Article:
The significant and exclusive association of the MDS UPDRS-III score with the ESS indicates a relation of ESS with late phases of prodromal PD. As shown in previous studies, motor deficits present relatively close to clinical diagnosis (Maetzler and Hausdorff, 2012; Schrag et al., 2015). This late occurrence of motor features is different to most of the non-motor features, which can precede clinical PD by more than a decade. The lack of a relevant association between the ESS and prodromal PD probability scores indirectly supports this conclusion, as only one 10th of the markers defining the prodromal PD probability score refer to motor deficits (Berg et al., 2015).
This link between PD and sarcopenia in their earliest stages as observed here could be driven by neuroinflammation. Elevated levels of circulating inflammatory mediators are detectable in patients in the early stages of both PD and sarcopenia, with overlap in at least some of the species (Scalzo et al., 2010). An example is IL6. This cytokine has been associated with the loss of muscle mass and poor physical performance in older adults (Cesari et al., 2004) and in PD (Scalzo et al., 2010). Another driver could be the increased energy expenditure in PD due to muscular rigidity and tremor. A significantly lower fat-free mass, but a similar resting metabolic rate compared to controls, was found in PD patients, which suggests the presence of a hypermetabolic state in the latter cohort (Poehlman et al., 1995).
This study faces some limitations. First, we are not able to determine whether further, not yet considered parameters could explain our finding. For example, it could be that physical inactivity is at least indirectly (e.g., through the metabolic syndrome) related to the development of PD (LaHue et al., 2016), and physical inactivity is certainly associated with lower muscle mass. Although we included physical activity as a covariable in our model, future studies should investigate such interactions in more detail and with quantitative measures. A second limitation could be the method that was used to estimate muscle mass. Dual energy x-ray absorptiometry (DXA) is considered to be the gold standard for that approach. Nevertheless, the BIA that was used in our study appears to be an adequate alternative. Method comparisons between BIA and DXA to determine muscle mass showed a good correlation. Based on this, muscle mass that was calculated using Janssen's regression formula exhibited a strong correlation (r = 0.906) with the muscle mass that was determined by DXA (Bosaeus et al., 2014).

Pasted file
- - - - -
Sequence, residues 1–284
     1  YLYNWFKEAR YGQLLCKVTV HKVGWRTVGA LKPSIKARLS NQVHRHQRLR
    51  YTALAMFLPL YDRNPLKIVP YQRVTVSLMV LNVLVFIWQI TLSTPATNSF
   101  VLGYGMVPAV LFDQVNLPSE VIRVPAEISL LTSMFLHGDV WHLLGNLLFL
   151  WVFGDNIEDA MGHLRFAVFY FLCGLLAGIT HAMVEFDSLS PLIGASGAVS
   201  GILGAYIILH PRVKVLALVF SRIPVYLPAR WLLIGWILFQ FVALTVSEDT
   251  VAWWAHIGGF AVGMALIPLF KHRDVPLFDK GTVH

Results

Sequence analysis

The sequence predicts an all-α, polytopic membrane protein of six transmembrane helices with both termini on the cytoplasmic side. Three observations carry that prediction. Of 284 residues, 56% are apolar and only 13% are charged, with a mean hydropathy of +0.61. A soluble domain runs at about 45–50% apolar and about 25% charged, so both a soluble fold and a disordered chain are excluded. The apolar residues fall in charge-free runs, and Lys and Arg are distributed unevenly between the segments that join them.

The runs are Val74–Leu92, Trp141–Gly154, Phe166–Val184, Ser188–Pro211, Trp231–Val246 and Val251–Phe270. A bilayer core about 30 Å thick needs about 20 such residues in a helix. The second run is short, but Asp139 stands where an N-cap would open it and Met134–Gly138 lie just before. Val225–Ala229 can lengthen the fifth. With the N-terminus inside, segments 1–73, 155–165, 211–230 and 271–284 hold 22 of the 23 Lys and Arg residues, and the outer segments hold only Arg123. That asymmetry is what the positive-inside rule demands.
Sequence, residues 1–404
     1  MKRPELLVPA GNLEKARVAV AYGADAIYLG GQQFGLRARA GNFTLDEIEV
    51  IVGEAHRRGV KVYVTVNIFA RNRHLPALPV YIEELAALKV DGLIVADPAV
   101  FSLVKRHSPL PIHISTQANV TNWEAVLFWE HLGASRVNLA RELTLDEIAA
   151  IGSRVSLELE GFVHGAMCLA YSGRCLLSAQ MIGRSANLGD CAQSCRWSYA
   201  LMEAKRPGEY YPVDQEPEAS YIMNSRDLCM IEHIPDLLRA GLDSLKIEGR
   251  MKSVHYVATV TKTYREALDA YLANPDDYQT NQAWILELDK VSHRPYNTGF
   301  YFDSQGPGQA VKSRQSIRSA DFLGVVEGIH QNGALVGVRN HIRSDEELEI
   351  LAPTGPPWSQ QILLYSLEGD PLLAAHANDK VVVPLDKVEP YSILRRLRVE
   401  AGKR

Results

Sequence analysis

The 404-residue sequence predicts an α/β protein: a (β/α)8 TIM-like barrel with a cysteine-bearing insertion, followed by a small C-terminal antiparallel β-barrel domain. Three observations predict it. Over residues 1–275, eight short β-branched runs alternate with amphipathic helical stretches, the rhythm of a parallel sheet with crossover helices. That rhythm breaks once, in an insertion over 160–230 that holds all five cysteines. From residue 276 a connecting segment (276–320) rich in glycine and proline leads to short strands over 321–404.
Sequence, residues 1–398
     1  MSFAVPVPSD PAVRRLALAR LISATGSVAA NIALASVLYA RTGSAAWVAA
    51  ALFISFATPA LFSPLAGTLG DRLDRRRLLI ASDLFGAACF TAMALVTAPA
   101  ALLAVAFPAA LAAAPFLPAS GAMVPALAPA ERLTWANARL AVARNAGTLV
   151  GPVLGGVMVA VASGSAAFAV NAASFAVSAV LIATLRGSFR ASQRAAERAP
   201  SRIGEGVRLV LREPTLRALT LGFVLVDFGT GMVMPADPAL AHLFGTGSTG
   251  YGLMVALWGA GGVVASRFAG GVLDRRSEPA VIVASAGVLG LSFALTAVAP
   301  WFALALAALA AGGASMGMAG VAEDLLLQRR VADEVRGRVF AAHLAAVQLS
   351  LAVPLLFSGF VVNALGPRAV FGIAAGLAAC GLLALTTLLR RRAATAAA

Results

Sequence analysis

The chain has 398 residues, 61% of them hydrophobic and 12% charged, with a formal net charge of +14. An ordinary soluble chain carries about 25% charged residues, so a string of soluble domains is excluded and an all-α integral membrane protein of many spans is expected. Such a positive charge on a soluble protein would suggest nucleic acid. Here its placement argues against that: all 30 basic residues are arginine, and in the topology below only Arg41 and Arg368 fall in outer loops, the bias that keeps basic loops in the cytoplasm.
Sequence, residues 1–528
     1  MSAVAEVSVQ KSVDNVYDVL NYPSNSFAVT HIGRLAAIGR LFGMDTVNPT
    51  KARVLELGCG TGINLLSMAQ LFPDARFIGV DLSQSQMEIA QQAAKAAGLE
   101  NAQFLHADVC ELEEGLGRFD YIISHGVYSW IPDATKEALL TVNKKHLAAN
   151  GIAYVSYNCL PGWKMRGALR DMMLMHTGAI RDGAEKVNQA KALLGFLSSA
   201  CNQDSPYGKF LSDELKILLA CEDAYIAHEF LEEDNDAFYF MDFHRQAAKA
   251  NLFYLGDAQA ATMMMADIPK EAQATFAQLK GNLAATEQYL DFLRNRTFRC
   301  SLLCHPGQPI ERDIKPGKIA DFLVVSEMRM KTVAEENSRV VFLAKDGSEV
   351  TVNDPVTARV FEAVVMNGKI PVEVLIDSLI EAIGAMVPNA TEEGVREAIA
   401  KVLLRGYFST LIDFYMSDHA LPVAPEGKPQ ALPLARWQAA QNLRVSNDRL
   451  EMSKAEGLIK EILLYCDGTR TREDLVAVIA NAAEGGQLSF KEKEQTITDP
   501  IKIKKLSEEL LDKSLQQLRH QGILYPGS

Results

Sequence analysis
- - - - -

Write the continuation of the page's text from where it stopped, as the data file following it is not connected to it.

The association between MDS UPDRS-III and ESS in this cohort with increased PD risk suggests a common pathway during preclinical stages of both diseases. Moreover, EES may be a prodromal marker of PD.
MD, SH, US, and WM made substantial contributions to the acquisition, analysis and interpretation of data for the work. JK was responsible for data analysis. MD, SH, and WM drafted the paper; all of the remaining authors revised the draft critically for important intellectual content. All of the authors gave their final approval of the version to be published and agreed to be accountable for all aspects of the work to ensure that questions related to the accuracy or integrity of any part of the work are appropriately investigated and resolved.
Conflict of Interest Statement
The authors declare that the research was conducted in the absence of any commercial or financial relationships that could be construed as a potential conflict of interest.
We thank all individuals who took part in the study. SH was supported by a Research grant from the Faculty of Medicine (IZKF).
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Keywords: sarcopenia, neurodegenerative overlap syndrome, prodromal Parkinson's disease, Unified PD Rating Scale, motor unit number index
Citation: Drey M, Hasmann SE, Krenovsky J-P, Hobert MA, Straub S, Elshehabi M, von Thaler A-K, Fallgatter AJ, Eschweiler GW, Suenkel U, Berg D and Maetzler W (2017) Associations between Early Markers of Parkinson's Disease and Sarcopenia. Front. Aging Neurosci. 9:53. doi: 10.3389/fnagi.2017.00053
Received: 19 January 2017; Accepted: 23 February 2017;
Published: 07 March 2017.
Edited by:Atsushi Takeda, National Hospital Organization, Japan
Reviewed by:Tadashi Ichikawa, Saitama Prefectural Rehabiliation Center, Japan
Yutaka Koizumi, Sendai Nishitaga National Hospital, Japan
Copyright © 2017 Drey, Hasmann, Krenovsky, Hobert, Straub, Elshehabi, von Thaler, Fallgatter, Eschweiler, Suenkel, Berg and Maetzler. This is an open-access article distributed under the terms of the Creative Commons Attribution License (CC BY). The use, distribution or reproduction in other forums is permitted, provided the original author(s) or licensor are credited and that the original publication in this journal is cited, in accordance with accepted academic practice. No use, distribution or reproduction is permitted which does not comply with these terms.
*Correspondence: Michael Drey, firstname.lastname@example.org
†These authors have contributed equally to this work.